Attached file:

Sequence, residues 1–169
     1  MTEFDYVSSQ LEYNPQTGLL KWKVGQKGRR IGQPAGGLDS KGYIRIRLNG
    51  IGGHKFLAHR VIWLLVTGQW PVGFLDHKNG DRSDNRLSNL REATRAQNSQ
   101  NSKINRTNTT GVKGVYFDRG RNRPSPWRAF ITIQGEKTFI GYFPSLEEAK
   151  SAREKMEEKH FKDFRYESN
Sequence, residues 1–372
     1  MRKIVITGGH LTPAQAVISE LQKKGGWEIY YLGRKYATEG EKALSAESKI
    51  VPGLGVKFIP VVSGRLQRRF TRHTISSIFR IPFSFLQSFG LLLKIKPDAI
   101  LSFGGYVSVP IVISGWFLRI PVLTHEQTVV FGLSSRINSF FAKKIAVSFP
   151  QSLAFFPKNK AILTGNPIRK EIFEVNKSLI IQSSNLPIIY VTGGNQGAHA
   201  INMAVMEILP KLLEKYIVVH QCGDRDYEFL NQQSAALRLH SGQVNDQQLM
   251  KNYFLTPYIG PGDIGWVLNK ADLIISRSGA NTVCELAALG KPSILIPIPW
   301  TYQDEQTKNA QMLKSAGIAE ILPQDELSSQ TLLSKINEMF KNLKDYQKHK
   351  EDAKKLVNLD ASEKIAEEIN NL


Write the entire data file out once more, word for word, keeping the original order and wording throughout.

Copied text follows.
Sequence, residues 1–169
     1  MTEFDYVSSQ LEYNPQTGLL KWKVGQKGRR IGQPAGGLDS KGYIRIRLNG
    51  IGGHKFLAHR VIWLLVTGQW PVGFLDHKNG DRSDNRLSNL REATRAQNSQ
   101  NSKINRTNTT GVKGVYFDRG RNRPSPWRAF ITIQGEKTFI GYFPSLEEAK
   151  SAREKMEEKH FKDFRYESN
Sequence, residues 1–372
     1  MRKIVITGGH LTPAQAVISE LQKKGGWEIY YLGRKYATEG EKALSAESKI
    51  VPGLGVKFIP VVSGRLQRRF TRHTISSIFR IPFSFLQSFG LLLKIKPDAI
   101  LSFGGYVSVP IVISGWFLRI PVLTHEQTVV FGLSSRINSF FAKKIAVSFP
   151  QSLAFFPKNK AILTGNPIRK EIFEVNKSLI IQSSNLPIIY VTGGNQGAHA
   201  INMAVMEILP KLLEKYIVVH QCGDRDYEFL NQQSAALRLH SGQVNDQQLM
   251  KNYFLTPYIG PGDIGWVLNK ADLIISRSGA NTVCELAALG KPSILIPIPW
   301  TYQDEQTKNA QMLKSAGIAE ILPQDELSSQ TLLSKINEMF KNLKDYQKHK
   351  EDAKKLVNLD ASEKIAEEIN NL